Pastor Samuel transported Zingire and her parents to and from the hospital and his wife, Faida, purchased food for Zingire and her family and is developing a nutrition plan for them so this doesn’t happen again.

We are so grateful to have dedicated volunteers like Dayla Maisey, Pastor Samuel and Faida! A special mention also goes out to Catherine Howell at Panzi Hospital for the tremendous care and service she provided to Zingire and her parents.

Zingire (middle) with mother (right) and
Catherine Howell of Panzi Hospital (left)

Namegabe Sisters begin school

(April 2011)

Our Strongest Oak sisters, Zingire Namegabe and Neema Namegabe, are taking their first steps toward achieving their entrepreneurial goals: attending a vocational school in Bukavu called CAPA. They are currently learning to make handicrafts for sale.

We have learned that, to truly support the goals of our Strongest Oaks, we must also help those who depend upon them. Through generous sponsorship by two Canadian individuals, Zingire's daughter Ashuza (age 4) is now attending kindergarten at Complexe Scolaire Olame Ndame and Neema's son Jordan (age 6) has begun school at Groupe Scholaire Dani.

We would like to thank the kind people who helped them get this far:

  • two anonymous donors from Canada who sponsored the sisters and their children by providing funding for school tuition and supplies and new clothes for both mothers and children;
  • Oak Leader, Pastor Samuel, who facilitated the registration of both mothers and children in school and helped them buy clothes and school supplies; and
  • Dayla Maisey, Zingire's and Neema's mentor, for providing her guidance and support.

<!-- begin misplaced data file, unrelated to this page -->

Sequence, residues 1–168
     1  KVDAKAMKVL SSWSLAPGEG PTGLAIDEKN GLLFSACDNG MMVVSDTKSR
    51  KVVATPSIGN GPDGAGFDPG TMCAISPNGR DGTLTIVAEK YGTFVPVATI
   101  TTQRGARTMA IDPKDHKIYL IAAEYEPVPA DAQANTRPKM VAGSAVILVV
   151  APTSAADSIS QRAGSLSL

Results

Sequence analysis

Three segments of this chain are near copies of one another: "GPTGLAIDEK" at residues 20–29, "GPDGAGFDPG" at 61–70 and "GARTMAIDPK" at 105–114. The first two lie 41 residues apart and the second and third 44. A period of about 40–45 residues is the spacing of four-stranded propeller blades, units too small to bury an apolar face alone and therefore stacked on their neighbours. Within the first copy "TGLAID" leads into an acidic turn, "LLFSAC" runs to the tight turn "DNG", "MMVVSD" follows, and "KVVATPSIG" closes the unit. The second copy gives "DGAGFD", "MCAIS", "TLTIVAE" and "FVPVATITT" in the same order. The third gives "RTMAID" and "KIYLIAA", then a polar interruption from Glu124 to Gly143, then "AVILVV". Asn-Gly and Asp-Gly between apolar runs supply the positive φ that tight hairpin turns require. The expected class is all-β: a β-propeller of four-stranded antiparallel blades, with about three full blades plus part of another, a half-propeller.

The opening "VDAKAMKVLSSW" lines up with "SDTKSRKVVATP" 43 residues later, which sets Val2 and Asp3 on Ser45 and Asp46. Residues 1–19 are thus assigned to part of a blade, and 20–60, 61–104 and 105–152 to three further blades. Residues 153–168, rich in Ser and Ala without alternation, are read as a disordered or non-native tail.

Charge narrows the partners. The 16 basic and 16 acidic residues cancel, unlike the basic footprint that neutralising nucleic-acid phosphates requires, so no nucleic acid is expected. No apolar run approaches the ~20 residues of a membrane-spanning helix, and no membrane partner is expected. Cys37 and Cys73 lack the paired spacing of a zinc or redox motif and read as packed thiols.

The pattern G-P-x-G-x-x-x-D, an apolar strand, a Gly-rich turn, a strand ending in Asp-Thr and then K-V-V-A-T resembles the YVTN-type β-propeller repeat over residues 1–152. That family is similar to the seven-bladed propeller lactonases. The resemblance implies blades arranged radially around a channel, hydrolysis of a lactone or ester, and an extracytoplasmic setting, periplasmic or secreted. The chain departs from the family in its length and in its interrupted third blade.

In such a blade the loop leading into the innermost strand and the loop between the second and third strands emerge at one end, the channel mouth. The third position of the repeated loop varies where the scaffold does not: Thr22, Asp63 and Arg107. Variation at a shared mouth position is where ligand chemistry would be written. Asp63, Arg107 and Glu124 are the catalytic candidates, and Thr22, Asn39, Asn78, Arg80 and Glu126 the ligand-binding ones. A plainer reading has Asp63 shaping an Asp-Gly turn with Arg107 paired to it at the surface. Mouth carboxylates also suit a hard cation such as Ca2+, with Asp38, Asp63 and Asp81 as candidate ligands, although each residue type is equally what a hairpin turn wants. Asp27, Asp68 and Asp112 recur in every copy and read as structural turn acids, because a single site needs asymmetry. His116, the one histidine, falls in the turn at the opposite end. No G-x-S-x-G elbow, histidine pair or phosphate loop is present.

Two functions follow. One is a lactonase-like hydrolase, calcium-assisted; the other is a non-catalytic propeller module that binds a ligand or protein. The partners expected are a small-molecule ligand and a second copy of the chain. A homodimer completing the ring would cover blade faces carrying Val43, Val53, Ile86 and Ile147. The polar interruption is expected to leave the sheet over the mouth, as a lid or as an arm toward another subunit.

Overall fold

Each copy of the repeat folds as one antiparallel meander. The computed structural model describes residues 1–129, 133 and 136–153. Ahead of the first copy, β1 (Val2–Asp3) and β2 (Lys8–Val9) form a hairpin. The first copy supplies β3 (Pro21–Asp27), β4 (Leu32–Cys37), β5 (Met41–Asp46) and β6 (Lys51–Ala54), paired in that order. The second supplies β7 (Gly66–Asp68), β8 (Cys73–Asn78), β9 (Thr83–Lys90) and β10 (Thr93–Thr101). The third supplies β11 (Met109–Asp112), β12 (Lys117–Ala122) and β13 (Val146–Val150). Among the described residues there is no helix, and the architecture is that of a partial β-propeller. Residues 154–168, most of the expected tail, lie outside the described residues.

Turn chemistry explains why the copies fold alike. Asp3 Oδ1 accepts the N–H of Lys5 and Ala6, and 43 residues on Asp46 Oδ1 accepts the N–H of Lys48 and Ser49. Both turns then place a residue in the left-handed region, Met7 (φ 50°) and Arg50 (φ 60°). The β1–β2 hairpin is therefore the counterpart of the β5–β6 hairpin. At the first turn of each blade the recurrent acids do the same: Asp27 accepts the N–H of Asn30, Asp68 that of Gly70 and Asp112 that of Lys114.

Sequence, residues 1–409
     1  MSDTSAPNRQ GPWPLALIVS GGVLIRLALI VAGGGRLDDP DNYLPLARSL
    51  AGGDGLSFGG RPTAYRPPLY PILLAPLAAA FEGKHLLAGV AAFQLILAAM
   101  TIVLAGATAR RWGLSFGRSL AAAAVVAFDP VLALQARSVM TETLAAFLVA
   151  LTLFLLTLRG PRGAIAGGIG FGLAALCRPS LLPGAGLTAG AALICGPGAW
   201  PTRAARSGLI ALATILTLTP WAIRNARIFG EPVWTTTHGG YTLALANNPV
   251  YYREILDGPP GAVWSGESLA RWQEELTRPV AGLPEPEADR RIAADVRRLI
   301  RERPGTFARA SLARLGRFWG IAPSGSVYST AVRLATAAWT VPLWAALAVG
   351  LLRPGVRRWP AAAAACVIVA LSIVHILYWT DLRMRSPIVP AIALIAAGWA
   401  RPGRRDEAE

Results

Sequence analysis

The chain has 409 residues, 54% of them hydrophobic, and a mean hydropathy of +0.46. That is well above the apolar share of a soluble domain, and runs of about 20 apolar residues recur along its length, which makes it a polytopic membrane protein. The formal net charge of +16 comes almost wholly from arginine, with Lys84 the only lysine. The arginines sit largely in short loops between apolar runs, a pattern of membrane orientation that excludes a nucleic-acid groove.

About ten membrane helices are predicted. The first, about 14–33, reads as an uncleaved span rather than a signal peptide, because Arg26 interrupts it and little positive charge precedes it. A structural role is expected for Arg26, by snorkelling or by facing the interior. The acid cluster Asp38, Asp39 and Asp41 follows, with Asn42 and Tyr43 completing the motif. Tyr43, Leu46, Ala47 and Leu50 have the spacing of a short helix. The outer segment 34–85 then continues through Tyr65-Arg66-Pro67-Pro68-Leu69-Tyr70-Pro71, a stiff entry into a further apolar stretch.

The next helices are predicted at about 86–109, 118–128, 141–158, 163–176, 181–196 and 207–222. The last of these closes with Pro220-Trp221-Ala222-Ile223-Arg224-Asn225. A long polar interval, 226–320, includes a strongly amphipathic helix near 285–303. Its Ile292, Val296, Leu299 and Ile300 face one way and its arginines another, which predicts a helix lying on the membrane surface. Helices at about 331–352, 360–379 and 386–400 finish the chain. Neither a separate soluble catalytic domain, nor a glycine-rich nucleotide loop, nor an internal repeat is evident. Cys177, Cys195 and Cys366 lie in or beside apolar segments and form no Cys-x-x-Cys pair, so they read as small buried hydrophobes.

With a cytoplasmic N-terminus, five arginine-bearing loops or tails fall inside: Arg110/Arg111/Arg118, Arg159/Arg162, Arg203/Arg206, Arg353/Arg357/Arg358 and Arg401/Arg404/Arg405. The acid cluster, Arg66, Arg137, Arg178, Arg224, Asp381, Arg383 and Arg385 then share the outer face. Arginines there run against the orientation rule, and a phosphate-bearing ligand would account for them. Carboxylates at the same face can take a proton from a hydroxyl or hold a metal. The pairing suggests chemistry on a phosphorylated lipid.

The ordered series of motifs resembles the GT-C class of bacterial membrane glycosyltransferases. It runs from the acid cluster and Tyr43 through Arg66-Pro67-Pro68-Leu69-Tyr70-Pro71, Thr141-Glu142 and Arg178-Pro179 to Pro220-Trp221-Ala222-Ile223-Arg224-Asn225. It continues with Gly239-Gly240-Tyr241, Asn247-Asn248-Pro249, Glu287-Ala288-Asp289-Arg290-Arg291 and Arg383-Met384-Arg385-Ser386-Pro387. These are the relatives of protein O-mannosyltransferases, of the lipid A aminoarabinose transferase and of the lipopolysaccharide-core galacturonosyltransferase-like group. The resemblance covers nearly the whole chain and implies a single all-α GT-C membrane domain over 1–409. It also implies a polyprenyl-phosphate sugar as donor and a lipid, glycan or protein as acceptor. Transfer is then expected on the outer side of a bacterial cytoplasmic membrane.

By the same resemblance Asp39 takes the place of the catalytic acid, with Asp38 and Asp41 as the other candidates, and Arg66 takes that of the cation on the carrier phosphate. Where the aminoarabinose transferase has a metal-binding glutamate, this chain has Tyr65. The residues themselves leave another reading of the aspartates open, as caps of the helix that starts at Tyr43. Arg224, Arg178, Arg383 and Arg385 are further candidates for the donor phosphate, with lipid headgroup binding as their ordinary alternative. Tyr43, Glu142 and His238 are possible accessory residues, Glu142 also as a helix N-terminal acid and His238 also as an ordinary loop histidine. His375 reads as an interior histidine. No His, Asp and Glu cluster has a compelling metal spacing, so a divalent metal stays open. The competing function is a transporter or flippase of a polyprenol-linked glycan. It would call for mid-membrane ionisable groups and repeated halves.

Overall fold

Zingere making a purse
at vocational school


Neema making a map of Africa
at vocational school

Ashuza (standing with teacher) on
first day at kindergarten


Jordan (with Pastor Samuel)
on first day of school


Steven Shyaka begins university

(February 2011)

We are pleased to announce that our Rwandan Strongest Oak, Steven Shyaka, has begun his Law studies at Kigali Independent University. We would like to thank the kind people who helped him get there:

  • EduAfrica for providing the scholarship for tuition and books;
  • Change Lives Foundation for temporarily funding Steven's living expenses;
  • Peace Ruzage who helped Steven shop for a new school wardrobe; and
  • Ron Murch, Steven's mentor, for providing his guidance and support.
Steven cooking with his friend Brendah


Steven outside of the gates at Kigali Independent University
Steven's new home in Kigali

Charles Mugabe begins university

(December 2010)

We are pleased to announce that our Rwandan Strongest Oak, Charles Mugabe, joined the Faculty of Social Sciences at Kampala University to study Social Work. We would like to thank the kind people who helped him get there:

  • Survivors Fund for providing the funds for tuition;
  • a private Swiss donor for paying Charles' living expenses at the university dormitory;
  • Change Lives Foundation for paying for Charles' books and supplies; and
  • Deepak Karandikar, Charles' mentor, for providing his guidance and support.


Jules Ouedraogo


TSO Director, Jules Ouedraogo was awarded a $50,000 AGFUND International Prize 2010 in recognition of his work in the Burkina Faso Malaria Distance Training Project  in which he facilitated the use of ICT to develop rural and remote areas of Africa.  See the news release and watch the video.

Congratulations to TSO’s promising young Rwandan law student, Steven Shyaka, on having recently been awarded
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Success Stories

Many of our Oaks have come a long way since we met them. We would like to celebrate their successes in feature articles. Read about our next featured Oak, Gertrude Nanyonga.